I see a lot of discussion, though, on what signs like that mean for owner liability. You see articles of cases in which a burglar breaks into a house, hurts himself, and then successfully sues the family. You can imagine such a thing makes a dog owner nervous. "I broke into the house and was carrying out the TV when their dog bit me! I'm suing them for a million dollars, and so that the dog gets put down!" I read things like that and think "really?" It can happen though.
Really, the question is "When is it appropriate for a dog to bite?" When the owner says so, I guess, if you want a punchline. The "real answer" seems to be when a human being is put in danger by another human. Mostly, though, it seems we prefer dogs to be visual and auditory deterrents. I've heard that a house with a dog in it is far likely to be robbed than one that does not have a dog. It makes sense, really; burglaries are frequently opportunistic crimes, the easier the better. Who wants to deal with the noise (and possibly teeth) of a dog, especially if the dog is not visible from the outside.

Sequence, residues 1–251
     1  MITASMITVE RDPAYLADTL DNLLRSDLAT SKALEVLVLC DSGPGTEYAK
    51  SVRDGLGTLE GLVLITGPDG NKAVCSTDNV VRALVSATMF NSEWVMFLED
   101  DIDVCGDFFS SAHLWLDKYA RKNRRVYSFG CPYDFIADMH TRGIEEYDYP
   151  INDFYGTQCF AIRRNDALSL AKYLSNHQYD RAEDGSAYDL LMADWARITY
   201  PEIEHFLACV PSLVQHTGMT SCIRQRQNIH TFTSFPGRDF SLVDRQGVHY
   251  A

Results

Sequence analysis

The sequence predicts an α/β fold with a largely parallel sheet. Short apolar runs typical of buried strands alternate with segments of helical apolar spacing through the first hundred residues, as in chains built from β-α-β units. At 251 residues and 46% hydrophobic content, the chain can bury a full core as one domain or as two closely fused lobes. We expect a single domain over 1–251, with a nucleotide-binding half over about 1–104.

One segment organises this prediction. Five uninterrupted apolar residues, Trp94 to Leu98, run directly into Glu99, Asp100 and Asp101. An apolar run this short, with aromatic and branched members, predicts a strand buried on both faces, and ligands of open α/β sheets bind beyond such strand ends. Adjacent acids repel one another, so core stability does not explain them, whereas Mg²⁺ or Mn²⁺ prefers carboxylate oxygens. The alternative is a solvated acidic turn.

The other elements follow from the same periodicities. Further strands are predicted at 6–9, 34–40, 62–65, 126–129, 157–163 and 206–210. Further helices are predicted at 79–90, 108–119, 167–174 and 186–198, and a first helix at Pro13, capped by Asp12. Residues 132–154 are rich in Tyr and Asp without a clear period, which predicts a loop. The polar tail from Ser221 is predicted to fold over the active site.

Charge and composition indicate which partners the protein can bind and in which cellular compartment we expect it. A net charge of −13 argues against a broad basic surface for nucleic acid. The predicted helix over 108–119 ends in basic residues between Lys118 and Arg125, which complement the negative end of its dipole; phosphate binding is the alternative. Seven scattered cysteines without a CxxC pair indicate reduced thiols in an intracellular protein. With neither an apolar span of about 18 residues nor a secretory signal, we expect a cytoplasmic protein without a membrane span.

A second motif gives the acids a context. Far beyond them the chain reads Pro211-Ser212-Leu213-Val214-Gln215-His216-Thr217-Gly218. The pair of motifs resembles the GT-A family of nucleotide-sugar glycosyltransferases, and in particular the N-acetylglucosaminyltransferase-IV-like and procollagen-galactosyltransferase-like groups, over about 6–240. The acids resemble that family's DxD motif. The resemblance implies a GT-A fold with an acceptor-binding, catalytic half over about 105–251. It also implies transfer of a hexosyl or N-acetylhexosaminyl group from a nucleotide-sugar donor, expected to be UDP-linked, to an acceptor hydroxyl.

The laws vary state by state. I've seen a lot of discussion on whether a "Beware of Dog" sign in fact increases owner liability in the eyes of the law, by suggesting that the owner knew the dog was dangerous and just kind of let things go. On DogBiteLaw.com, under the "New York State" section, I read:
Presence of "Beware of Dog" signs standing alone are not enough to imply that dog owner knew of his dog's vicious propensities. Altmann vs Emigrant Savings Bank, 249 AD2d 67, 68 (First Dept, 1998); Frantz vs McGonagle, 242 AD2d 888 (Fourth Dept, 1997); Arcara vs Whytas, 219 AD2d 871, 872 (Fourth Dept, 1995)
So okay then. If I oped to have a "Beware of Dog", "Doberman on Duty", or "Dog on Premises" (this latter is, I think, considered to be the most neutral in terms of signage. I am not a lawyer, though, nor qualified to give legal advice. Research this on your own, please, and consult professionals), the sign alone would not be sufficient grounds to prove, in court, that my Doberman is vicious and was known to be vicious. So that's good.
Of course, you could also go completely neutral and just have a picture of your dog on the door, with a "No Trespassing" sign. I used to think that things like that were understood. If a door is closed and locked, maybe you shouldn't come in? There are reasons I'm not a lawyer, I suppose.